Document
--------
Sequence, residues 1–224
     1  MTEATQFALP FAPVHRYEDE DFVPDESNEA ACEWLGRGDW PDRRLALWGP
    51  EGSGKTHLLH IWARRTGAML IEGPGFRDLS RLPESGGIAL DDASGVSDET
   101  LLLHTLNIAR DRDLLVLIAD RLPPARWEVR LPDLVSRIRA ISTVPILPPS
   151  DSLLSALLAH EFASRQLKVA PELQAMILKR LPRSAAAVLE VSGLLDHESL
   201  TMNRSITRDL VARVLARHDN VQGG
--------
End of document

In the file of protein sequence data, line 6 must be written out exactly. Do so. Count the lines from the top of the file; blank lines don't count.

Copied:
   201  TMNRSITRDL VARVLARHDN VQGG